On Sunday, fighting between Armenia and Azerbaijan, the worst since 2016, left at least 24 dead and a hundred injured.
The ex-Soviet rivals from the Caucasus " a region between the Black Sea and the Caspian Sea " have been locked in a decades-long dispute over the Nagorno Karabakh region.
Nagorno Karabakh, a mostly mountainous region that spans around 4,400 square kilometres (or the size of the US state of Delaware), lies within Azerbaijan but has been under the control of ethnic Armenian forces backed by Armenia since 1994 at the end of a separatist war.
Armenia itself has never officially recognised the region's independence although it has become its main financial and military backer.
Roots of conflict
In 1921, the Soviet Union merged the predominantly ethnic Armenian territory with Azerbaijan.
As the Soviet Union began to crumble in 1991, it became apparent that Nagorno-Karabakh would come under the direct rule of the Azerbaijan government. Ethnic Armenians were unwilling to accept that.
During the breakup of the Soviet Union in late 1991, the enclave of Nagorno-Karabakh held a referendum boycotted by Azerbaijan where the people chose independence over joining either of the two countries. The situation worsened when the Nagorno-Karabakh Autonomous Oblast, an administrative unit, decided to vote to join Armenia.
This de facto status has not been recognised.
In 1991, after the collapse of the Soviet Union, Armenian separatists, backed by the government in Yerevan, seized the territory. The problem was that the territory was home to a significant Azerbaijani minority, as well as seven adjacent Azerbaijani districts. An ensuing war left 30,000 dead and forced hundreds of thousands from their homes.
During the fighting, in which more than one million fled their homes, the ethnic Azeri population " about 25 percent of the total before the war " fled Karabakh and Armenia while ethnic Armenians fled the rest of Azerbaijan. Neither has been able to return home since the end of the war.
By 1992, the violence had increased and thousands of civilians had been displaced, compelling international bodies to take notice.
The Washington Post estimates that 750,000 Azerbaijanis were driven from their homes in the fighting, the vast majority not from the region but from surrounding provinces seized by the Armenian forces. More than three lakh ethnic Armenians inside Azerbaijan were forcefully displaced as well.
Despite a ceasefire mediated in 1994 by Russia, the United States, and France, peace negotiations struggle to move forward and fighting erupts frequently.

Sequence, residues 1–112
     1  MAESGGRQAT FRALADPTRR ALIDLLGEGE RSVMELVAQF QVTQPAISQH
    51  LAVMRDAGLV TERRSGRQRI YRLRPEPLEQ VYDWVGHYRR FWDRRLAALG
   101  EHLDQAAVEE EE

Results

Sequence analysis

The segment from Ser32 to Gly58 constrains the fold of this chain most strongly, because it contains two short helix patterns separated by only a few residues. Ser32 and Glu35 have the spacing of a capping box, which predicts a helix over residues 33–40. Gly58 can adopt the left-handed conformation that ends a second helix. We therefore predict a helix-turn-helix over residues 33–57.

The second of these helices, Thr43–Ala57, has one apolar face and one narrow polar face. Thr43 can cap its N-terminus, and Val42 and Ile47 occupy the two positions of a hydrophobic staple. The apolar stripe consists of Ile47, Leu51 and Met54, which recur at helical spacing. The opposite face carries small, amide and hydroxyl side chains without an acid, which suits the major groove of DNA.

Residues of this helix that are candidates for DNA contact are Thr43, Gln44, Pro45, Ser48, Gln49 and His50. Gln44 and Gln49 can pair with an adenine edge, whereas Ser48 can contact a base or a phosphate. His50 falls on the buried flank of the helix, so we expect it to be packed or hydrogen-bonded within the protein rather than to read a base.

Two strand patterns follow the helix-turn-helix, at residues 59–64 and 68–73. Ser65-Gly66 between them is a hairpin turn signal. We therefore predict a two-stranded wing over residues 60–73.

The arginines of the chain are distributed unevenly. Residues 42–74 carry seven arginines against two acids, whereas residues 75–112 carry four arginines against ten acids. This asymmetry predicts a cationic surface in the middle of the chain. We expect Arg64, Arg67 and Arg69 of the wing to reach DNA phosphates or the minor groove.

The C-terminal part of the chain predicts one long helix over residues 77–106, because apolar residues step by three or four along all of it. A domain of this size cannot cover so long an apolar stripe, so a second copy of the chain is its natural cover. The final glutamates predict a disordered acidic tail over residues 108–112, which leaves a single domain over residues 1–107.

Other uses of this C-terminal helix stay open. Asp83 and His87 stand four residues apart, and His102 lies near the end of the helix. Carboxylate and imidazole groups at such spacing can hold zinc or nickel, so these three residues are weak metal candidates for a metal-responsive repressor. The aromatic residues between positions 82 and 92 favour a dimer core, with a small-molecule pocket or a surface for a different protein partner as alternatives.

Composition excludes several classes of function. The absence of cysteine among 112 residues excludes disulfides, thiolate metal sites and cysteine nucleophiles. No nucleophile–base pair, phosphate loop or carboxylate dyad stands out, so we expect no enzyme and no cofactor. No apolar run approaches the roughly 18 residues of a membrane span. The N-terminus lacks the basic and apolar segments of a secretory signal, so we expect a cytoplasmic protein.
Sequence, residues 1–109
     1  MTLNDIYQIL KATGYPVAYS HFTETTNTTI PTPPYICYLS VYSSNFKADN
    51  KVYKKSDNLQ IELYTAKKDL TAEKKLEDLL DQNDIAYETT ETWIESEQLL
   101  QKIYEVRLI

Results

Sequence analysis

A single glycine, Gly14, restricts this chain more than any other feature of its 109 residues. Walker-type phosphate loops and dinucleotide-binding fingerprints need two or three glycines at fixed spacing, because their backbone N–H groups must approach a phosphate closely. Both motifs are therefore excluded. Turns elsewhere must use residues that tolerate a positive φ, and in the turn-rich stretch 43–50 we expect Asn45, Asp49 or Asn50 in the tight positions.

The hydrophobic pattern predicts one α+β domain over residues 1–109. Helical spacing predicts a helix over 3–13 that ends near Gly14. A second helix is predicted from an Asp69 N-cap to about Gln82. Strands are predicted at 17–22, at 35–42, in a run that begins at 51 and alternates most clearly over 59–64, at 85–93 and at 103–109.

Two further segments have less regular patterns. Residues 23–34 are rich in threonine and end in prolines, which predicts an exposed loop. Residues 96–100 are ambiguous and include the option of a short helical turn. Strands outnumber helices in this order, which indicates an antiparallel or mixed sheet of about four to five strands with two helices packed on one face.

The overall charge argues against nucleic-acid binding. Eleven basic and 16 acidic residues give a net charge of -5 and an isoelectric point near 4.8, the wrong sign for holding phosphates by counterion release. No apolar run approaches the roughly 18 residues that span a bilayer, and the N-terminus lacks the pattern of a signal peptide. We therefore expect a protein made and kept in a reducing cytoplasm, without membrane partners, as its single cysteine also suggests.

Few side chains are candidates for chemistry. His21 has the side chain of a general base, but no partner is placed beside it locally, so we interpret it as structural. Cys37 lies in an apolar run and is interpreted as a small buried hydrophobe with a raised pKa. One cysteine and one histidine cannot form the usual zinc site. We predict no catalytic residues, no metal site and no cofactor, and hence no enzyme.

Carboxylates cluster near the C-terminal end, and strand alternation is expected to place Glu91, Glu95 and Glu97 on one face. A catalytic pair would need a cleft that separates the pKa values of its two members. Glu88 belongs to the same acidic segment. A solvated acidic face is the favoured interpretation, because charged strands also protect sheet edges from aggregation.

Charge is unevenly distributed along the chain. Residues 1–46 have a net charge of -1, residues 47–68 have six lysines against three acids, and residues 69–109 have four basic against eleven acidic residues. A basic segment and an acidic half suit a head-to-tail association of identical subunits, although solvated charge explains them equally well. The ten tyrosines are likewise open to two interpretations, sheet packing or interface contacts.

Sunday's clashes " which saw Azerbaijan and Armenian separatists accuse each other of igniting the fighting that left both sides with casualties, including civilians " followed a flare-up along the border in July which claimed the lives of 17 soldiers from both sides.
In April 2016, 110 people were killed in the most serious fighting in years.
Revolts and dynasty
Armenia, a Christian country since the fourth century, has been rocked by political and economic instability since it gained independence from the former USSR.
The country's post-Soviet leadership repressed opposition to its rule, was accused of falsifying ballot results, and was largely beholden to the interests of Russia.
In the spring of 2018, mass street protests brought current Prime Minister Nikol Pashinyan to power. He has since cracked down on corruption and introduced popular judicial reforms.
Muslim-majority Azerbaijan, on the Caspian Sea, has been under the authoritarian grip of a single-family since 1993.
Heydar Aliyev, a former officer of the Soviet security services, the KGB, ruled the country with an iron fist until October 2003. He handed over power to his son, Ilham, weeks before his death.
Like his father, Ilham has quashed all opposition to his rule and in 2017 made his wife, Mehriban, the country's first vice president.
Russia and TurkeyTurkey, with ambitions to be a regional powerbroker in the Caucasus, has thrown its weight behind oil-rich and Turkic-speaking Azerbaijan.
Their alliance is fuelled by a mutual mistrust of Armenia, and Ankara routinely issues strongly-worded statements in support of Baku's ambitions to reclaim Nagorno Karabakh.
Yerevan harbors hostility towards Turkey over the massacres of some 15 lakh Armenians by Turkey under the Ottoman Empire during World War I. More than 30 countries have recognised the killings as genocide, though Ankara fiercely disputes the term.
Russia, which maintains close ties with Armenia, is the major powerbroker in the region. It leads the Collective Security Treaty Organisation military alliance of ex-Soviet countries that includes Armenia.
Yerevan relies on Russian support and military guarantees because its defense budget is overshadowed by Azerbaijan's spending on arms.
Oil and diasporaAzerbaijan has recently begun leveraging oil revenues as part of a bid to overhaul its image in the West.
Baku has invested in massive sponsorship deals including the Euro 2020 football championship, which was postponed because of the coronavirus pandemic.
Baku was due to host matches this year and Azerbaijan has held Formula 1 Grand Prix races since 2016.
Azerbaijan has also tried to pitch itself to European countries as an alternative energy supplier to Russia.
On the international stage, Armenia has a vast and influential diaspora that fled during the Ottoman-era repressions.
Reality TV star Kim Kardashian, the late singer Charles Aznavour, and pop star and actress Cher all trace their roots to Armenia.
Some, like Kardashian, have been outspoken on the issue of the Armenian genocide.
With inputs from AFP